Two months after beating Lindsay Davenport at Wimbledon for her first Grand Slam title, Williams confirmed her place as the best in the game, if not in the rankings, by beating Davenport again 6-4, 7-5 in the hardest-hitting women's final in U.S. Open history.
Never before had two women's finalists walloped shots so fiercely, so consistently, from both sides as Williams and Davenport in this rain-delayed, 1-hour, 25-minute duel. They each needed to be fast to keep up with the other, and no one in the game is faster than the sinewy, long-legged Williams.
"I really have some wheels," Williams said. "I'm really speedy these days. It helped me out a lot."
Williams gazed at the silver trophy, taking pleasure in seeing where her name will be inscribed next to that of her sister, Serena.
"It feels real nice," Venus said.
Williams celebrated this victory less tamely than she did her Wimbledon triumph, skipping lightly to the net, twirling a bit, shaking hands briefly with Davenport. Williams then trotted over to the corner to kiss her mother and hug her father and coach, Richard, who came down to the court and danced jubilantly beside her, while Serena told her, "Great job, Venus."
"Venus was playing great. She forced me to play better and I couldn't do it," Davenport said.
Davenport beat 18-year-old Serena in the quarterfinals, but made too many errors to hold off Venus, who pocketed $800,000 compared to Davenport's $425,000.
Though clearly dominant in women's tennis as she rides a 26-match winning streak bookended by two major titles, Williams will remain No. 3 in the ranking behind No. 1 Martin Hingis and No. 2 Davenport. The lag in the rankings is due solely to Williams absence from the game for nearly six months until the spring because of tendinitis in both wrists.
"This was a very nice victory because I feel like I played Lindsay when she was playing some of her best tennis, and now I've beaten the No. 1 and 2 players in the rankings successively," Williams said.
Asked whether she thought of herself as No. 1, Williams said:
"Oh, yeah. I always feel like I'm the best player. ... No. 1 is definitely one of my goals. I'm trying."
President Clinton watched the men's semifinals won by Pete Sampras and Russia's Marat Safin, and had planned to watch the women's final - the first between Aerican-born women since Tracy Austin beat Chris Evert in 1979. But he left when showers delayed the start of the match more than an hour and a half. But most of the fans stayed right to the end at 8:19 p.m., the latest finish ever for a women's final.
The match was not always pretty as Williams and Davenport pummeled flat line drives, going for the corners, the sides, the baseline, finding them often, but nearly as often just missing or hitting wildly.
The 20-year-old Williams, fulfilling the championship dreams her father instilled in her since childhood, served at up to 117 mph, hit eight aces, and saved a dozen break points while yielding on her serve three times. Williams, far more mature a player than when she reached the Open final in her debut three years ago, showed she could handle Davenport's less powerful serves, breaking her five times.
At 24, Davenport showed in reaching the final that she remains a huge threat to add to the three majors she's already won the 1998 U.S. Open, 1999 Wimbledon and 2000 Australian Open. But she doesn't have the range and speed and sheer athleticism that Williams has brandished this summer.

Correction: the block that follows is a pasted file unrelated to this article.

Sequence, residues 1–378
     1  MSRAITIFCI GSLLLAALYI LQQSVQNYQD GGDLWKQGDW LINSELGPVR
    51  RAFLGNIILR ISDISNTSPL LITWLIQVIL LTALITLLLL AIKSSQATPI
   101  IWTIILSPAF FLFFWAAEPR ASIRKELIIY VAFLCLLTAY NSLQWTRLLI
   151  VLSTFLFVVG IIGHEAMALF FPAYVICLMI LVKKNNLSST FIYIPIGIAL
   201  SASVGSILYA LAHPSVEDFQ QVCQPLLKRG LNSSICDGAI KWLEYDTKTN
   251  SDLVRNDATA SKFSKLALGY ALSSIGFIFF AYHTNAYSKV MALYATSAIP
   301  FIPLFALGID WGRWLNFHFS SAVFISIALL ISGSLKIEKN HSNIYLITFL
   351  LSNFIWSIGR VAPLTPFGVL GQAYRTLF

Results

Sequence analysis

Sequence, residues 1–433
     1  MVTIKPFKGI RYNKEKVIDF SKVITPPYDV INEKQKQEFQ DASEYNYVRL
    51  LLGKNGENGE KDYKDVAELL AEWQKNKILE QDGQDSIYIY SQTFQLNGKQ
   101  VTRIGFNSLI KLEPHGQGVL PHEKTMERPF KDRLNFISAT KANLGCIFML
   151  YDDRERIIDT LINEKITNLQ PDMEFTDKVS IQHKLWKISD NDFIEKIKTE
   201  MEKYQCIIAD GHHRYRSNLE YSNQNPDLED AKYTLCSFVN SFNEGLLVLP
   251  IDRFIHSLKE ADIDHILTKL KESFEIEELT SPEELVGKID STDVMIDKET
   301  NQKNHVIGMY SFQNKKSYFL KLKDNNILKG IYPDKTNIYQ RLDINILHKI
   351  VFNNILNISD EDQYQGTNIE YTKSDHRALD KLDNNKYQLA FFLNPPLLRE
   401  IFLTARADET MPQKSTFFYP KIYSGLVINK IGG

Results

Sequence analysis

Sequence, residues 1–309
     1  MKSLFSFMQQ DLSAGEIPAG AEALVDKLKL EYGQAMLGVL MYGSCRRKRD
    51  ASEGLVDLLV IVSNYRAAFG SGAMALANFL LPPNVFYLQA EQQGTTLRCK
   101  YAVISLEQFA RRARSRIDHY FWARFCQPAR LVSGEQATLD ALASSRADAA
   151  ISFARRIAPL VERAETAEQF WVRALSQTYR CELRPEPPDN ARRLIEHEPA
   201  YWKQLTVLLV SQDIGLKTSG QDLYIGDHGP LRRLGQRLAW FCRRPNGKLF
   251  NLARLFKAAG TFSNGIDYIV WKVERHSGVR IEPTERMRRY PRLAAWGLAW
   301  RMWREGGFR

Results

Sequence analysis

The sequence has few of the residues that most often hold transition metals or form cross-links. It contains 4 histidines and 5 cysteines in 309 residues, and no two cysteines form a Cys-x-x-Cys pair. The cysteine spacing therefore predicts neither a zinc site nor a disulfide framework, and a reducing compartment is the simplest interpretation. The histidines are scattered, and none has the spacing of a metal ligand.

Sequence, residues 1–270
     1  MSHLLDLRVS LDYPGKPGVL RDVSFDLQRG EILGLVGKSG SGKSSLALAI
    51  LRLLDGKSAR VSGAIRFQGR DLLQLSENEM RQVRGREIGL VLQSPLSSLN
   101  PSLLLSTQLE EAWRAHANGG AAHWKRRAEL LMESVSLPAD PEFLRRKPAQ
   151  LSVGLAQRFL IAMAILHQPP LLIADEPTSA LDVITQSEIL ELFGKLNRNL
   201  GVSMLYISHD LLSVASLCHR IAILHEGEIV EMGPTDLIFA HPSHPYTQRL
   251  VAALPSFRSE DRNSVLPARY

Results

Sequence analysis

Davenport, who had the longest winning streak on the women's tour, 21 matches, until Williams surpassed her last week, has lost to Williams now in five of their past six matches, all of them in straight sets.
Williams looked as if she would be in trouble at the start, beginning the match with a foot fault and falling behind 1-4 as Davenport broke her twice.
"I feel like I wasn't taking my opportunities very well," Williams said. "I was missing a little too much and maybe hitting a little too hard. She was playing at a high level but I think maybe I was giving her what she wanted. I kept feeding her. I was giving her the spoon."
Williams dug in resolutely, as she has throughout her winning streak, and broke Davenport back to begin a run of six straight games. Davenport double-faulted twice to end the first set, and her broad shoulders sagged as she walked to her chair, angry with herself for giving so much away.
"I should have won that set," Davenport said. "I had a lot of chances to win the second set. I'm disappointed. At this level you just can't do that.
"I thought I was breaking enough. I just couldn't serve well enough to hold my own. She's definitely the No. 1 player right now."
Clinton made a congratulatory phone call after the match, as he did last year to Serena, and Williams asked boldly and with a laugh what he could do to reduce her taxes.
"Not too much right now," the president said. "I think there ought to be new rules for athletes."
To which Williams responded, "Should I read your lips?"
When Williams asked him why he didn't stay to watch, Clinton said he had to get home for dinner with Hillary.
When Clinton invited Williams to visit the White House, se said: "I'll see what I can do about it."
Strangely, perhaps, Williams said that winning Wimbledon and the U.S. Open as only six other women have in the open era, left her less exhilarated than she anticipated. She still plans to take time off from the tour, except for a couple of events, to continue her college education in an 11-week session starting in October after returning from the Olympics.
"It honestly does not feel as exciting as I thought it would," she said. "You think that things will make you happy. But if you aren't happy already it doesn't make a difference. You feel it more when your unsuccessful, like last year. It's great to win but there are a lot of things more important."
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